Wilker-Frey expressed concern over reports that the CHS is boasting of expanding services during the strike through the use of replacement workers. “Use of replacement workers prolongs strikes, makes it harder to get a deal. It also damages the relationship between the parties even more, and makes it so much more difficult to rebuild a climate of trust,” she said. “We urge the CHS to do the right thing and come back to the table. They owe it to their employees, and they owe it to the community of Deaf, Deafened, Oral Deaf and Hard of Hearing clients who need the vital services normally provided by the workers on strike.”

The striking workers have been without a contract since 2013. “Four years without a wage increase, and an employer that tabled a total gutting of our sick leave plan on the eve of our strike deadline,” said Connor. “I’m not suggesting it’s going to be easy to resolve this, but it will be impossible if one party refuses to even put in the work.”

CUPE Local 2073 represents 227 counsellors, literacy instructors, audiologists, speech language pathologists, interpreters/interpreter trainers, clerical support, program coordinators, program assistants, information technology specialists, and other staff at 24 Canadian Hearing Society offices across Ontario.

The text of CUPE’s letter to the CHS, dated Thursday, March 16th, is reproduced here:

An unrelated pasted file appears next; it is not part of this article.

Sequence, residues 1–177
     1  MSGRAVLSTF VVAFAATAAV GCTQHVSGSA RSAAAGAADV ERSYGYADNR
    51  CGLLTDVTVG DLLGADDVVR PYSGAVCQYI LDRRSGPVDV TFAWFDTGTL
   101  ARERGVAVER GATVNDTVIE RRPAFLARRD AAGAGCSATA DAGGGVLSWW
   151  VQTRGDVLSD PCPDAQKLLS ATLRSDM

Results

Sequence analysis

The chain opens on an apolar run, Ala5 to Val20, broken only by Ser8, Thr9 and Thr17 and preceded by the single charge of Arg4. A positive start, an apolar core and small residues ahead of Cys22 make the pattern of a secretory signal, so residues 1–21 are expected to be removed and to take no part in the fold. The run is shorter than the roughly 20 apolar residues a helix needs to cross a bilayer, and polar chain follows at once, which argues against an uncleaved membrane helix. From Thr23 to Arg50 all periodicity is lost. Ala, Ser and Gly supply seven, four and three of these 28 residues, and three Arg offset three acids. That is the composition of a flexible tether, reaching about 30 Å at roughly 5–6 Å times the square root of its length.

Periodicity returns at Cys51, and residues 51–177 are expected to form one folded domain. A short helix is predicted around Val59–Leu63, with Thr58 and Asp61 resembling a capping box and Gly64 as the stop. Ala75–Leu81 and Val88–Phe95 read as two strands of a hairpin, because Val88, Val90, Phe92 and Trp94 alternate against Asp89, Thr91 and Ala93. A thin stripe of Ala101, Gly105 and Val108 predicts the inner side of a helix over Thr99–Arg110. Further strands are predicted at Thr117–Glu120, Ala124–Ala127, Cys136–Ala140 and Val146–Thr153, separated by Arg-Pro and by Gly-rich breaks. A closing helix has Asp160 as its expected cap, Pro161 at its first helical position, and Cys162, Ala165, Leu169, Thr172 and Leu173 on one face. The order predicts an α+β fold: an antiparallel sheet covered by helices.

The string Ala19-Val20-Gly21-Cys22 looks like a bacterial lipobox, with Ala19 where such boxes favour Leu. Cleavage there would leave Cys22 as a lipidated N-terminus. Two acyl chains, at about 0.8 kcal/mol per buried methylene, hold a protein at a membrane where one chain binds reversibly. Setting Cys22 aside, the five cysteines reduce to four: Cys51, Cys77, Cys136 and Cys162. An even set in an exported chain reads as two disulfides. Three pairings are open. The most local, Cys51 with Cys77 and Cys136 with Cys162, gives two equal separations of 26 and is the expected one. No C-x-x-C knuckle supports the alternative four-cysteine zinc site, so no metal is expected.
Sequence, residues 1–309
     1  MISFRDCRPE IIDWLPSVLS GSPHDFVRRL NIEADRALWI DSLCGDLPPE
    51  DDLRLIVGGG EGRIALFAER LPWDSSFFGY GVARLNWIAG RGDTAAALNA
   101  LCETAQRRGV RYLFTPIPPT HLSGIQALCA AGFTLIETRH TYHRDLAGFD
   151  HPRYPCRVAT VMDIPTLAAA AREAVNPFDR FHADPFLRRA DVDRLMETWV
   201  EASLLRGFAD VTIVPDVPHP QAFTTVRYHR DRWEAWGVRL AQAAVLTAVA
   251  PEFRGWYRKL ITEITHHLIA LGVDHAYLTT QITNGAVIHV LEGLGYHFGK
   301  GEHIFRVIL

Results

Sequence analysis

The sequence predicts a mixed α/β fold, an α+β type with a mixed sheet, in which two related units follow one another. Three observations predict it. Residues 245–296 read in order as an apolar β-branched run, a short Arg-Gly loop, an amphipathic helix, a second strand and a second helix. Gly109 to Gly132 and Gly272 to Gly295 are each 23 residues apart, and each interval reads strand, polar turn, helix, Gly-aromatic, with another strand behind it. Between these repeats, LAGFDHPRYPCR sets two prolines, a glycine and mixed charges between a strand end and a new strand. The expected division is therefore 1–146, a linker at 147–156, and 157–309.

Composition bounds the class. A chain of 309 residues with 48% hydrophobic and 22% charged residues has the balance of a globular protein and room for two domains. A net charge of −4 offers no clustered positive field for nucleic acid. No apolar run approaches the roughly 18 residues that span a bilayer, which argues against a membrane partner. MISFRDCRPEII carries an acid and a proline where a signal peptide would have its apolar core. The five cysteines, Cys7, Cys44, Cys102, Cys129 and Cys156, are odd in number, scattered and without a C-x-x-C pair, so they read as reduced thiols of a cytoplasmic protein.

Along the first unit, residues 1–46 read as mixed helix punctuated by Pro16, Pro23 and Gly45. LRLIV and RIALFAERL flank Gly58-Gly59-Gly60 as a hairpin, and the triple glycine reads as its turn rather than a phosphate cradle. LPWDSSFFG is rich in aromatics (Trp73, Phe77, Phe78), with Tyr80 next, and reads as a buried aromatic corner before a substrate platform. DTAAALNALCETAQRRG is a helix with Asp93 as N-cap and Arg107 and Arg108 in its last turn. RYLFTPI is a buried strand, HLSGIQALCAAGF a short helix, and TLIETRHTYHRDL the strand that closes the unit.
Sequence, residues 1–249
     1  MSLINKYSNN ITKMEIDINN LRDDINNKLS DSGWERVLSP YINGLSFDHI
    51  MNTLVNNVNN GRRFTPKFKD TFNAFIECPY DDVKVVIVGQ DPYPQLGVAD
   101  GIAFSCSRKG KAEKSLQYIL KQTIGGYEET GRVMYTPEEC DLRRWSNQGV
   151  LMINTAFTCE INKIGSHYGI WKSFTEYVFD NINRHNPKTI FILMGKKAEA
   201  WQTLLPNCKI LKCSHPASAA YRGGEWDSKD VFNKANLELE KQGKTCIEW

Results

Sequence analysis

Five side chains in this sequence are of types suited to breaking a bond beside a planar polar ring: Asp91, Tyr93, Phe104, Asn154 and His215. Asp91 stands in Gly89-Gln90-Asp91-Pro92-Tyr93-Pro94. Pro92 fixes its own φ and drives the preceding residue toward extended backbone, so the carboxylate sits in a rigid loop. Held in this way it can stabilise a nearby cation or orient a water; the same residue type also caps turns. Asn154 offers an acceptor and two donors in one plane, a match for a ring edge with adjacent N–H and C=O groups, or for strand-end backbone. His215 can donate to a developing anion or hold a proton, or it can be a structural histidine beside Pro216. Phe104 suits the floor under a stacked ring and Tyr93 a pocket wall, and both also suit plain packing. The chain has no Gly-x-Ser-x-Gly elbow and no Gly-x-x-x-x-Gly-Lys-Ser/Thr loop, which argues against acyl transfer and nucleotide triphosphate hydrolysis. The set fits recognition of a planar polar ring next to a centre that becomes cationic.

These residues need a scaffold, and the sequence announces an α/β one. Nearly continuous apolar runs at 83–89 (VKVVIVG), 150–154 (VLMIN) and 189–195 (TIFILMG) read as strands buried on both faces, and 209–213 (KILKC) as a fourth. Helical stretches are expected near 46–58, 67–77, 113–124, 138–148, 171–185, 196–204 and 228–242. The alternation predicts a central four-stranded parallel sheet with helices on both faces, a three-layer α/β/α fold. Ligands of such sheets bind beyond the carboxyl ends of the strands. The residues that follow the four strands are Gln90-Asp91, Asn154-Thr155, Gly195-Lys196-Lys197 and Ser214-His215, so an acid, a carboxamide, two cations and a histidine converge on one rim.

Dear Ms. Dumanian, Mr. Andrade and Ms. Keenan:

As we near the end of our second week on strike, we want to reiterate that we remain available to negotiate with you. We want to stress that this strike will be ended by a negotiated settlement – we trust all parties realize that. We hope you are as interested as we are in achieving that soon. 

We are available through the weekend of the 18th and the 19th of March. 

We are also available: 

  • Monday, March 20th
  • Tuesday, March 21st
  • Wednesday, March 22nd
  • Thursday, March 23rd
  • Friday, March 24th

As you know, we require a bit of advance notice in order to get ASL interpreters to the table with us. In the interest of finding the most expeditious settlement possible, and returning vital services to normal working order, we hope you will find you way back to the table with us on one of these dates.

We look forward to your prompt reply.

Yours truly,

Barbara Wilker-Frey
CUPE National Representative

Stacey Connor
President, CUPE Local 2073

c.c.:  Marsha Russell, Ministry of Labour

 

Why are the workers at the Canadian Hearing Society on strike?

Since March 6th, the workers at the Canadian Hearing Society have been on strike. They are represented by CUPE Local 2073, and work in 24 offices across Ontario. These workers provide vital services to the Deaf, Deafened, Orally Deaf and Hard of Hearing community. Ninety per cent of the strikers are women, and 40% of the membership come from the deaf and hard of hearing community themselves.